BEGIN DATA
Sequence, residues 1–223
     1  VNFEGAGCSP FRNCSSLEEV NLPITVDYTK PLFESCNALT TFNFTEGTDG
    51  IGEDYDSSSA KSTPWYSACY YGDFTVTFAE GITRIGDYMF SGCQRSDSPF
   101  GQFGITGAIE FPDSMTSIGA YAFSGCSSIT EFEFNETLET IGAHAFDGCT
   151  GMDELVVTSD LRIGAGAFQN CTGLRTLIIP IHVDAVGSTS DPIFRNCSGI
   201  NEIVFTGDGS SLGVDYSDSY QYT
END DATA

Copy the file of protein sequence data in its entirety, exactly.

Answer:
Sequence, residues 1–223
     1  VNFEGAGCSP FRNCSSLEEV NLPITVDYTK PLFESCNALT TFNFTEGTDG
    51  IGEDYDSSSA KSTPWYSACY YGDFTVTFAE GITRIGDYMF SGCQRSDSPF
   101  GQFGITGAIE FPDSMTSIGA YAFSGCSSIT EFEFNETLET IGAHAFDGCT
   151  GMDELVVTSD LRIGAGAFQN CTGLRTLIIP IHVDAVGSTS DPIFRNCSGI
   201  NEIVFTGDGS SLGVDYSDSY QYT